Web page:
At 18, Kenyans already know their mobile money matters [ARCHIVE]

  • Money & Entrepreneurship
  • Tech & Innovation
  • 18 Jan 2017

By the time they are 18 years old, almost a third of Kenyans already have a mobile money account in their name. But how and when do they learn about managing money and using mobile money to help them?

Tomorrow (Thurs 19 Jan), we will be launching the findings of an action research project, with FSD Kenya and the Bill and Melinda Gates Foundation. We analysed young people’s financial “pre-journey”– the period before they turn 18. At the beginning of the project, our Knowledge and Learning team conducted a GroundTruth study – a unique methodology that blends peer and team based, interactive, and intense qualitative research and a triangulation process to reach new, deeper and more nuanced insights.

What we found was that young people are introduced to the concepts of money and financial activities very early in life – some when only four or five. Children’s early experiences with money are related to “transmitting” cash from parents (or guardians) to other adults for specific expenses: like bill payments, buying grocery, repaying loans, lending money, and so on.

The second stage of learning starts around the age of nine or ten, once young people have grasped the basic financial concepts and have understood the benefits of having their own money: the money about which a person can make independent decisions. It is at this stage that some young people start generating a small income either by deliberately “leaking” portions of transmitted amounts or by finding legitimate (i.e., adult-approved) ways to earn money. “Leakages” are by far the most common way of creating an income-stream at this age.

At the second stage of their “money” journey young people start performing digital finance activities on behalf of adults in their households, often due to literacy-related challenges. Some turn that new responsibility into an advantage by exploring the world of digital finance adults around them. One of Shujaaz fan, told us that he set up an M-Shwari account on his grandfather’s phone and successfully borrowed and repaid a loan without his grandfather ever knowing about it.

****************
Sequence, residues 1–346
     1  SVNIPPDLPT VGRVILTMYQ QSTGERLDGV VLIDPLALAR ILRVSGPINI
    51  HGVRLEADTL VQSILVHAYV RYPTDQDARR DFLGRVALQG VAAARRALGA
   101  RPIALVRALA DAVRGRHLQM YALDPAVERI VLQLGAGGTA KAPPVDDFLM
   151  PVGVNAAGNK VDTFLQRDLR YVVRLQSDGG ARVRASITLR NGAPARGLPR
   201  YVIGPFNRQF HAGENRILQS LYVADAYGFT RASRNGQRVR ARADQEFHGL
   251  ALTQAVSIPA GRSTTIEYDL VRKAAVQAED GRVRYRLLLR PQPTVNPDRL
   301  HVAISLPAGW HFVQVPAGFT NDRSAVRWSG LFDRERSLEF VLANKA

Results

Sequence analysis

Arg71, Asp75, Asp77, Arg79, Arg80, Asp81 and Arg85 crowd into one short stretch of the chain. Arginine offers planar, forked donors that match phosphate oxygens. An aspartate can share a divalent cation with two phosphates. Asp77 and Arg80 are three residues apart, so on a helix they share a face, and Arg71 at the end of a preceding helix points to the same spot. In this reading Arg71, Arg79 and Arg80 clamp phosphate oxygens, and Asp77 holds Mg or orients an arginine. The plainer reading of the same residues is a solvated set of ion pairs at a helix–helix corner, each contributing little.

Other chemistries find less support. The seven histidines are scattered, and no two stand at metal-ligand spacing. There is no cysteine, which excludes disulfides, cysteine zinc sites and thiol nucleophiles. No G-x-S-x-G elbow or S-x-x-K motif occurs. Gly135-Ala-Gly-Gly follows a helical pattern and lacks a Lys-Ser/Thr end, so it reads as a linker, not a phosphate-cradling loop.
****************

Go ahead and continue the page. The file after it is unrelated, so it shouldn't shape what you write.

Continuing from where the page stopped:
In their mid teens (14-17), young people move to the third stage. They discover a range of spending avenues: boys often start investing in lifestyle – like electronic gadgets and partying – while girls typically spend money on fashion and grooming. At this stage young people also start experimenting with “adult” income-generating activities, including illicit ones. With all the commercial temptations around, young people’s spending habits change and they have to earn their own money to avoid having to ask adults for it. “What for?” is the question adults use to micromanage the way young people behave.

Young people often form SACCO-like groups to make money: offering cleaning services, collecting garbage, and other group based hustles. The same peer-to-peer groups become an informal financial tool, helping young people secure savings and borrow, with no questions asked.

As they develop informal financial networks, digital finance remain in young people’s lives. For example, for those at boarding school, parents might open a mobile money account (for the child but in the parent’s name) to transfer allowances. That same account will receive money generated through “tea-spoon” hustles by school children who sell commodities such as margarine and sugar. At school, the kids cash-out with the help of a teacher or just use cashless services like Lipa na M-Pesa.

Once young people reach 18 years old, family and society start pressuring them to contribute to household income and to cover the cost of their own needs. Only those from wealthy families can afford to stay passive recipients of allowance. Thankfully, young people in Kenya arrive to this final stage of their “money” journey already equipped with more than a decade of experience earning and managing money as well as with a collection of informal financial tools.

What they are missing, however, is a budgeting tool. And that is where #PesaPersonas could help. Imagine the Exel spread sheet meeting the Shujaaz comic. It’s only in the user-testing phase but we think it could revolutionise the way that the next generation of Kenyans manage their money.